Shortened hospital length of stay and lower costs associated with rivaroxaban in patients with pulmonary embolism managed as observation status.
Int J Clin Pract. 2017 Jan;71(1):
Authors: Weeda ER, Peacock WF, Fermann GJ, Baugh CW, Wells PS, Ashton V, Crivera C, Wildgoose P, Schein JR, Coleman CI
BACKGROUND: Unlike rivaroxaban, treatment of patients with pulmonary embolism (PE) with warfarin requires parenteral bridging and coagulation monitoring that may prolong length-of-stay (LOS) and increase hospital costs.
AIMS: The aim of this study was to compare LOS, hospital costs and readmissions in PE patients managed through observation stays treated with rivaroxaban or parenterally bridged warfarin.
METHODS: Premier Hospital claims data from November 2012 to March 2015 were used to identify patients with a primary diagnosis code for PE managed through an observation stay and with ≥1 claim for a PE-related diagnostic test on day 0-2. Rivaroxaban users, allowing ≤2 days of prior parenteral therapy, were 1:1 propensity-score matched to patients receiving parenterally bridged warfarin. LOS, the proportion of encounters lasting >2 midnights, total hospital costs of the index visit and risk of readmission for venous thromboembolism (VTE) or major bleeding during the same month or 2 months subsequent to the index event were compared between matched cohorts using multivariable regression.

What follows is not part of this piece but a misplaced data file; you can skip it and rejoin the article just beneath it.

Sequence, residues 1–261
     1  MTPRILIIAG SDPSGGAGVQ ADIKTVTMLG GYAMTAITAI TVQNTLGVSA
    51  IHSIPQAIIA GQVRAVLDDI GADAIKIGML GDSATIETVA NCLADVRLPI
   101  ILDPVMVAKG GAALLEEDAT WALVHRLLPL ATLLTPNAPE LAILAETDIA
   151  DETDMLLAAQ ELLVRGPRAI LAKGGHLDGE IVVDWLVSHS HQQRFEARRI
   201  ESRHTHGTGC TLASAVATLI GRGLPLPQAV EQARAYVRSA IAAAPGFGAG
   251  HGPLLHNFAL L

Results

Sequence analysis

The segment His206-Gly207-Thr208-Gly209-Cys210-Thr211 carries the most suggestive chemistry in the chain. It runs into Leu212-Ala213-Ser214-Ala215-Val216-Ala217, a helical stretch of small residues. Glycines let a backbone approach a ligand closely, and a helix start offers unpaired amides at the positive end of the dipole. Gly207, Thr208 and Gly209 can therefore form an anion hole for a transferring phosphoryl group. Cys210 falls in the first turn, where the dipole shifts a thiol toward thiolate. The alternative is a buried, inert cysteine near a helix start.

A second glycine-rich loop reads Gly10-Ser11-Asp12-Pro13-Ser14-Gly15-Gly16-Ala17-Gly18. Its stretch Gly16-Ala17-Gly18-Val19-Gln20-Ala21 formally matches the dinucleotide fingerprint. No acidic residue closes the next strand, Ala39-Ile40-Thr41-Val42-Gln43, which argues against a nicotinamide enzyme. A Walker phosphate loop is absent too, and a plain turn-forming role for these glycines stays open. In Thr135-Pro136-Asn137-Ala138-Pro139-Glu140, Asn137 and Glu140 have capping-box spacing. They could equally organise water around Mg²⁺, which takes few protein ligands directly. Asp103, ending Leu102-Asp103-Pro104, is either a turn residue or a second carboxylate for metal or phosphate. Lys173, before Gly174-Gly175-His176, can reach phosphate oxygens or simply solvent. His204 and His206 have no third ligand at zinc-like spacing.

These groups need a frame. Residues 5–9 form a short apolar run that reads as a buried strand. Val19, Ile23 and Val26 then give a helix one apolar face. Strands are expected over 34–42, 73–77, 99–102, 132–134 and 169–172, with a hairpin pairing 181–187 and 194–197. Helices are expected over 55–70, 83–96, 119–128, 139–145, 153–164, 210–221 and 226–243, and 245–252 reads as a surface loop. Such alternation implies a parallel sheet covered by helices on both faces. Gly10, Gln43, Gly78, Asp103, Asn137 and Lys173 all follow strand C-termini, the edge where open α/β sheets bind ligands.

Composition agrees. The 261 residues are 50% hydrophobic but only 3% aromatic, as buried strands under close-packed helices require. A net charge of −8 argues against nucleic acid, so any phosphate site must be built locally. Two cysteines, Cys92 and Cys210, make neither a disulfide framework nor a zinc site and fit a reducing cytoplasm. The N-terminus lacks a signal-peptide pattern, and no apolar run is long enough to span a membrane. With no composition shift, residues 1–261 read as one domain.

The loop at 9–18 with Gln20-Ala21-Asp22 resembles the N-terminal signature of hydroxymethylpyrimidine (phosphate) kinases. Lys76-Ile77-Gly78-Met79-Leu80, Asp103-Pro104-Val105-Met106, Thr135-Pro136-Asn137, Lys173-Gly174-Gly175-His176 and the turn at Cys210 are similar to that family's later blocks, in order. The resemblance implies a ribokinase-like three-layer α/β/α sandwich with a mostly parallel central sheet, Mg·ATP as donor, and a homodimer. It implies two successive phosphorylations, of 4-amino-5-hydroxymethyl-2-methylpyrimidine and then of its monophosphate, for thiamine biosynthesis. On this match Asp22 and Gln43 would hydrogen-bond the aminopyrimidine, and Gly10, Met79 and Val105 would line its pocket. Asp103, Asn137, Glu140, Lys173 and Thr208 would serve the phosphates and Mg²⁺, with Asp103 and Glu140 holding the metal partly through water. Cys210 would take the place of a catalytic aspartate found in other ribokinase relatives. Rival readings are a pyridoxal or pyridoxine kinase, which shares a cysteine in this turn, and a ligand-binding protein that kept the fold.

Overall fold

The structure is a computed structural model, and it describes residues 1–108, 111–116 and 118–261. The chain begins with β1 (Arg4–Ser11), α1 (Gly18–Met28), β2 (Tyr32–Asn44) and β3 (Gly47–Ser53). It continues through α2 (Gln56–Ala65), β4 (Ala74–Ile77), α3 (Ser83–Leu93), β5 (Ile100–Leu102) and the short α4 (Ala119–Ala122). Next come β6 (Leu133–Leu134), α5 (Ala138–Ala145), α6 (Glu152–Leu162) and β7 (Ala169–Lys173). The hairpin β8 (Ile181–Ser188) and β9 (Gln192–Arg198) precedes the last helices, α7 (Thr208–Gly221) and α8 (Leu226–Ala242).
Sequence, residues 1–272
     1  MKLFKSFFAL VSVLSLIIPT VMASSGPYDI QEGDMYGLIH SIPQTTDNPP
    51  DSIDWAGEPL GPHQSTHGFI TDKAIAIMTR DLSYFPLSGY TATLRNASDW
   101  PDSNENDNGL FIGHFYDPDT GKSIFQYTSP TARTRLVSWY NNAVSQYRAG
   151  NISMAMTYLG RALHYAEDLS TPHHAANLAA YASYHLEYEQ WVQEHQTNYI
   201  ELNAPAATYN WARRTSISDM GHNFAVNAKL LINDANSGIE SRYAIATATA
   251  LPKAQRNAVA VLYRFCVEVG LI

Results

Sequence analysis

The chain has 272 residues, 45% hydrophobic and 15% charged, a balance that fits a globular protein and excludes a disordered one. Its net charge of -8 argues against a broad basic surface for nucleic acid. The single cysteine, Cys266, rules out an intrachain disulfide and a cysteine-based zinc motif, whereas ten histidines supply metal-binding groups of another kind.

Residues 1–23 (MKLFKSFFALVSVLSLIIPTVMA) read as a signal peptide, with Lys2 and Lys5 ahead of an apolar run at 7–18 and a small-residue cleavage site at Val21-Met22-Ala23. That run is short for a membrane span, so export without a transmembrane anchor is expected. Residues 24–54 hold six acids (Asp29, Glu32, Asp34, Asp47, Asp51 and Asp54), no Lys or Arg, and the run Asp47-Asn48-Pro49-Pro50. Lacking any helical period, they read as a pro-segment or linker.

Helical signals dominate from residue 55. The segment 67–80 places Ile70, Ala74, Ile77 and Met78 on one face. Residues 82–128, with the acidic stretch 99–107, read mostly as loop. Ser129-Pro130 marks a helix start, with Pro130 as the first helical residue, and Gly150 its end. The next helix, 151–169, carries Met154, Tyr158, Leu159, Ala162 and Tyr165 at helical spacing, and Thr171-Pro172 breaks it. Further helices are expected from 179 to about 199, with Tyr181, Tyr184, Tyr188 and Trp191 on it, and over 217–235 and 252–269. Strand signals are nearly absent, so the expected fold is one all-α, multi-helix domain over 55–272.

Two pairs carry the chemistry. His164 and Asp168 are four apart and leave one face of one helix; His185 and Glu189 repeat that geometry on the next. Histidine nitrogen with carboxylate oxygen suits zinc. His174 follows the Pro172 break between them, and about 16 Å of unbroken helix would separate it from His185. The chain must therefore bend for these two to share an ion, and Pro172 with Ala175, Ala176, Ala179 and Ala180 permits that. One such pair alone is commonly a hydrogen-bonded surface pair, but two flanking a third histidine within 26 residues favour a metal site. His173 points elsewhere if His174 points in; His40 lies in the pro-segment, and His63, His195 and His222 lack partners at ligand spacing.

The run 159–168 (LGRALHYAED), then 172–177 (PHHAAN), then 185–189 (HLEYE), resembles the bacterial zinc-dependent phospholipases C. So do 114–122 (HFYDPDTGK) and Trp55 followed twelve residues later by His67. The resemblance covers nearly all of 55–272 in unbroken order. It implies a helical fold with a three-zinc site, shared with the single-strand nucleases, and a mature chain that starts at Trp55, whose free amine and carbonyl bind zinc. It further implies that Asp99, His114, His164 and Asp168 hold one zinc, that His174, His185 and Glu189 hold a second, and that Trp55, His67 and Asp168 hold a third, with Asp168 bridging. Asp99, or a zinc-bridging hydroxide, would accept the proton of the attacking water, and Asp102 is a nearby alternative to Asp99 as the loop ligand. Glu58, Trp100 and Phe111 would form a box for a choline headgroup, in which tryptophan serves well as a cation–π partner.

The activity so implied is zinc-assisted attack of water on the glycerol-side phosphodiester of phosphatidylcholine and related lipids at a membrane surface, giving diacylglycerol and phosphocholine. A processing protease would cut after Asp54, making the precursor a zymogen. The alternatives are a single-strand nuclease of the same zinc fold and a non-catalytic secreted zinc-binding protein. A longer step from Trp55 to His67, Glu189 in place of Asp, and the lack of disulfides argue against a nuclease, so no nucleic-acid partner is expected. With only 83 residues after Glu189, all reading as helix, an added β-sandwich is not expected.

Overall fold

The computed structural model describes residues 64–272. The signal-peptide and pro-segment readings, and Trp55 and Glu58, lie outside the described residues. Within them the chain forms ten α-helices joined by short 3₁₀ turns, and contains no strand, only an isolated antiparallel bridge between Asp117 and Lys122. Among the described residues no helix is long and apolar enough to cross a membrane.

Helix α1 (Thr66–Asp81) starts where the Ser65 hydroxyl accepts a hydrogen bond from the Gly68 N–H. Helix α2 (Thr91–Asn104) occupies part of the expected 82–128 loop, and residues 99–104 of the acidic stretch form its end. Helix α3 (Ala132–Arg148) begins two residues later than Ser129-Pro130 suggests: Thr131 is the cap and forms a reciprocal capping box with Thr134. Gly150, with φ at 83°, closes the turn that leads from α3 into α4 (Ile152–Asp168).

RESULTS: A total of 312 rivaroxaban users were matched to 312 patients receiving parenterally bridged warfarin. Rivaroxaban was associated with an average of 0.27-day shorter LOS, a 52% decreased odds of an encounter lasting >2 midnights and a $403 mean reduction in costs vs parenterally bridged warfarin (P≤.002 for all). The readmission rate for VTE during the same or subsequent 2 months following the index PE was similar between cohorts (P=.75). No patient in either cohort was readmitted for major bleeding.
CONCLUSION: Rivaroxaban was associated with shortened LOS and lowered cost vs parenterally bridged warfarin in PE observation stay patients, without increases in the short-term rate of complications or readmission.
PMID: 28097761 [PubMed - in process]